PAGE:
Implementation of water recycling technology, Recycling of biogradable waste and hundreds of trees in place.

We have been undertaking intentional education on green energy as per sustainable development goals no 11 and No 7

The launch of the green initiative was graced by reknown artiste -JUSTINA SYOKAU, of the hit song Twendi twendi.

Joy and dance broke out to celebrate this great step as Optiven ups it’s game in greening projects under it’s portfolio. Watch the video here>>>

The project is ready to build with owners already groundbreaking for their dream homes.

At a price of 1.495M, get a piece of Joy today. We also have installment options as well.

To secure your plot TODAY, call us on 0723400500 or visit

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VIDEO&PHOTOS: Drama in court as Bomet man is confronted by his daughter



Tension was high at the High Court in Bomet on Monday as a carpenter, who allegedly doused his wife with petrol and burnt her, was charged with murder.

Robert Kipkorir Tonui was arraigned before Justice Roseline Korir. He denied the charge of murder.

After he took plea, his eldest daughter, 21, confronted him outside the courtroom, demanding to know why he killed her mother.

Tonui is accused of murdering his wife Emmy Chepkoech Mitei, a former deputy headteacher at Cheptalal Primary School.

His eldest daughter confronted him outside the courtroom, demanding to know why he killed her mother.

Vitalis Kimutai | Nation Media Group

Emmy sustained 97 per cent body burns in the attack and succumbed to injuries while undergoing treatment at Tenwek Mission Hospital.

Emmy, who was 45 years old at the time of her death, was buried at her home in Kobel Village on October 19. She left behind seven children.

The offence is alleged to have been committed on the night of October 7 in Seanin Village, Konoin constituency.

Tonui was arraigned in a courtroom packed with tense family members and curious members of the public with a Kericho-based advocate, Brian Langat, representing him.

As soon as Tonui was whisked out of the courtroom after taking plea, he was confronted by relatives led by Anita, her sisters and brothers-in-law.

Vitalis Kimutai | Nation Media Group

Dressed in a black jacket zipped up to the neck, and a hood hanging on his back, Tonui, who is 50 years old, wore a blue mask that covered half of his face.

He spoke only twice when asked the language he preferred to use and while answering to the charge preferred against him by the State, which carries a life sentence upon conviction.

Unlike when he appeared in a Sotik court shaken and unkempt following his arrest a week after being on the run, Tonui was well groomed with his thinning hair neatly combed.

When the charge was read to him after prosecutor George Mureithi tabled in court a medical report that said the suspect underwent a mental test and was confirmed to be of sound mind, he looked directly at the court clerk.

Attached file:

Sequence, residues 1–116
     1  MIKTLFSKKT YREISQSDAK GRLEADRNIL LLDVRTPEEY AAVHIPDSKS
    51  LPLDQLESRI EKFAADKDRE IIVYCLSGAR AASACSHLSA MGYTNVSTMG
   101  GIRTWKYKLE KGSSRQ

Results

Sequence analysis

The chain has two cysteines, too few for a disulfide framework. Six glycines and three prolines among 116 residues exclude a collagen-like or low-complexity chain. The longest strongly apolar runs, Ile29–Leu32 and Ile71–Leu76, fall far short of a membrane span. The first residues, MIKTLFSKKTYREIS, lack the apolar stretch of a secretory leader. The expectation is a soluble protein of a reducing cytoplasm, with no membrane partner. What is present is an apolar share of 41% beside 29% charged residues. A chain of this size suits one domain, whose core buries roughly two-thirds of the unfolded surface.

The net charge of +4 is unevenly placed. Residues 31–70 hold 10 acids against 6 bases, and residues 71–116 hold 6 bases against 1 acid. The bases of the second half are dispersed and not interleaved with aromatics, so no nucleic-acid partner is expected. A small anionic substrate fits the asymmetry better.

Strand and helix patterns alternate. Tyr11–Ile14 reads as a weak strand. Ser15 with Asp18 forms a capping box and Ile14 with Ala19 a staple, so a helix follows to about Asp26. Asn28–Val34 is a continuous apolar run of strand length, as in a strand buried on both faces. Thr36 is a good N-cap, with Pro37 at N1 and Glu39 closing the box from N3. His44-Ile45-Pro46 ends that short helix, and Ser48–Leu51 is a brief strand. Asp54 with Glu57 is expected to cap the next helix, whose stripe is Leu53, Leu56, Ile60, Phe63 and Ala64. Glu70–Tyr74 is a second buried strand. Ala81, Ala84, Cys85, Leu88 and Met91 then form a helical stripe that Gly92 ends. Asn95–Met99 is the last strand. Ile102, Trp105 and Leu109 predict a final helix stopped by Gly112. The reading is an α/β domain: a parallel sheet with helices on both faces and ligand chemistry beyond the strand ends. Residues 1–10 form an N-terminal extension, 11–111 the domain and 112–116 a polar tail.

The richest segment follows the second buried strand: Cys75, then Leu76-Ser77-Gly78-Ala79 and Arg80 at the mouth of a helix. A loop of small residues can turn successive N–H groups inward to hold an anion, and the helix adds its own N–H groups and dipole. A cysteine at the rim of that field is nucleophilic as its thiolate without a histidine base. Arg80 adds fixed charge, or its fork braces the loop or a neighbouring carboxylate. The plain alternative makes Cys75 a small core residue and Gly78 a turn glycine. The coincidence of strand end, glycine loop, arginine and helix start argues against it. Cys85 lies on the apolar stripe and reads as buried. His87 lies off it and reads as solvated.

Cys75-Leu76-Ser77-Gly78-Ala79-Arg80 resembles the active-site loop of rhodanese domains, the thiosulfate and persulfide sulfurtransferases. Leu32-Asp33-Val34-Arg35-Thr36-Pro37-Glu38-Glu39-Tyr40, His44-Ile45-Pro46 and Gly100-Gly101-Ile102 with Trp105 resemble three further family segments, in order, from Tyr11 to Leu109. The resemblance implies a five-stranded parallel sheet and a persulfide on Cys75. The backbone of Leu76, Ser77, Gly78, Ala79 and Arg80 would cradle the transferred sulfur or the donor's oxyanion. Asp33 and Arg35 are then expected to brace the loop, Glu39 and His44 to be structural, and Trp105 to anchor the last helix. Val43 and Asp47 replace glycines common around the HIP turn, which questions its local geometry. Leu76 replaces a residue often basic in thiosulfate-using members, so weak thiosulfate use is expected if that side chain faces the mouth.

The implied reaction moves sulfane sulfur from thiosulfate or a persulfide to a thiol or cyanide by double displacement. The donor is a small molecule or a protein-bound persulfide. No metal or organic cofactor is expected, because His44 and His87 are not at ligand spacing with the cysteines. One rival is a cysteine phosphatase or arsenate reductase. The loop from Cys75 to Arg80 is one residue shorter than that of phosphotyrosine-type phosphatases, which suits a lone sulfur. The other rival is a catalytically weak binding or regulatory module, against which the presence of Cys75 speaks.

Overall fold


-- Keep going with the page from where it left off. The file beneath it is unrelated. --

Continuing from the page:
Tonui denied the charge and his lawyer made an application for his release on bail.

But the prosecutor opposed the plea, saying Tonui was a flight risk and that tension was still high in the village where the alleged murder was committed.

The suspect Robert Kipkorir Tonui in court.

Vitalis Kimutai | Nation Media Group

“Releasing the suspect on bail will pose a risk to his life as tension is still high in Seanin village where the crime was committed. Two of the witnesses are the accused’s children and there are high chances he will interfere with them if released,” Mr Mureithi argued.

Justice Korir directed that the suspect be held at the local prison until November 12 when a probation report on the suitability of his release on bond will be tabled in court.

After the court session, drama ensued outside the courtroom when the deceased’s eldest daughter, Anita Chelangat, wailed uncontrollably and hurled insults at her father.

As soon as Tonui was whisked out of the courtroom after taking plea, he was confronted by relatives led by Anita, her sisters and brothers-in-law.

With his head downcast and a mask hiding his facial reaction the suspect, without saying a word, boarded the waiting police vehicle.

Tonui’s daughter was pulled away by relatives and taken outside the court precincts to the main road some 30 metres away and was put in a relative’s vehicle where she collapsed on  the front seat.

Anita was restrained in the vehicle until the police vehicle ferrying her father to the local prison, some 400 metres away, sped off.

“Why did you kill our mother? Why did you make us part orphans after all the years of psychological torture? Who will take care of us? Her spirits will hound you to the end,” Anita shouted as members of the public and court orderlies surged to inquire what the drama was all about.

During Emmy’s funeral, relatives said that on the fateful day, elders and local administrators had tried to reconcile the couple but Tonui declined to participate in a meeting at his home.

He allegedly later followed his wife to her parents’ home where he attacked her.